As hair is being formed, before it protrudes through the scalp, it is exposed to blood, lymph and intracellular fluids. During this time, it accumulates constituents present in that environment, particularly the minerals, but also toxins. As the cortex of the hair shaft hardens, these constituents are encased within, and can then be tested to see the internal metabolic environment and used to determine mineral status within the body. It can give us a ‘snap shot’ of energy and stress patterns within the body over the last 2-3 months. It cannot be used to ‘diagnose’ a specific condition, but it can show potential pathways towards a disease state, help you to understand your symptoms, and ultimately give you a holistic approach to remedy deficiencies and/or toxicities.
HTMA, when it’s interpretation is properly analysed, and the antagonistic and synergistic relationships to other minerals are understood, can also be used to understand the relationship of minerals to vitamins, and therefore it can assess for potential vitamin imbalances too. Vitamins cannot be produced, or work without minerals; So a mineral imbalance can potentially lead to a vitamin imbalance that it is synergistically or antagonistically linked to.
Why not just test the blood or urine?
As blood is homeostatic, it will always strive to stay in balance, even at the cost of other tissue/cellular concentrations, and it can fluctuate from hour to hour. The fact that most minerals are intracellular, means they are not always found in the blood, therefore, blood tests are not a reliable way of determining mineral status. (For example, less than 1% of your body magnesium is found in the blood. It is mainly found in the bones or within the mitochondria in the cells. Red blood cells do not have mitochondria, therefore, your magnesium status cannot be accurately tested for by blood test). Blood tests also can have wide ranges of ‘normal’, so will not always identify the problem, despite you having symptoms.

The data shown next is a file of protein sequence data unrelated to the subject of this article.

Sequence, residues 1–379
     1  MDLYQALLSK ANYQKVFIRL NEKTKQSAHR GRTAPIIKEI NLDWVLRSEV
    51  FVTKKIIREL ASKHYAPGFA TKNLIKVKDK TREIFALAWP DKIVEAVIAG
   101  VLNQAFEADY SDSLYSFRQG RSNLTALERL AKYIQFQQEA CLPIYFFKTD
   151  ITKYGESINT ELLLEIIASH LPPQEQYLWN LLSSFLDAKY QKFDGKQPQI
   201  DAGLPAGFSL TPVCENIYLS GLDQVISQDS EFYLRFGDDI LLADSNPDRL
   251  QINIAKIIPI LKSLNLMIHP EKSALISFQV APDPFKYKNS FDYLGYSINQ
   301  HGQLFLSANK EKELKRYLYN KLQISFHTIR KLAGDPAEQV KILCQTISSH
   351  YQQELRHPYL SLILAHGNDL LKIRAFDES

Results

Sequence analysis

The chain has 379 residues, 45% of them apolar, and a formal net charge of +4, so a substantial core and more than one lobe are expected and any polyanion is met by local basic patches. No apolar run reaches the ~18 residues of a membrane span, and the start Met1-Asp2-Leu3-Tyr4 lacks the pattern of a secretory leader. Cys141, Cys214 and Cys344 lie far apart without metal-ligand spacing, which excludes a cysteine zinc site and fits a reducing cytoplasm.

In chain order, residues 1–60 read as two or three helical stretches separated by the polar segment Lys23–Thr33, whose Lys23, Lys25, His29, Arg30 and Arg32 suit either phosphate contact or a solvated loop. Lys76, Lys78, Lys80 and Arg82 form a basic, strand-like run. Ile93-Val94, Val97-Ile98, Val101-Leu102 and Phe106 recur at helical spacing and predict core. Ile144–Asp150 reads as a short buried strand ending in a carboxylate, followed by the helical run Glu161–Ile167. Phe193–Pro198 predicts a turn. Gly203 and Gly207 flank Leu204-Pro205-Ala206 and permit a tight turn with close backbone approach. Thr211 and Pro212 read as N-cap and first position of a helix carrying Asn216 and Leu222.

Equally, urine tests will only show what the body is excreting and not what is being stored within the body. Therefore these tests, although useful, will not be as pertinent in determining mineral status as a HTMA.
Contemporary medical education and training are disconnected from this vital understanding of the mineral system. Therefore many doctors are not equipped to recognise and understand the underlying mineral problems of most of their patients.
Why is HTMA useful before, during and after pregnancy?
Being as healthy as you can be before you get pregnant, will not only increase the likelihood of you getting pregnant, but will also help to minimise potential problems such as miscarriage, hypoglycaemia, hypertension, post-partum depression etc.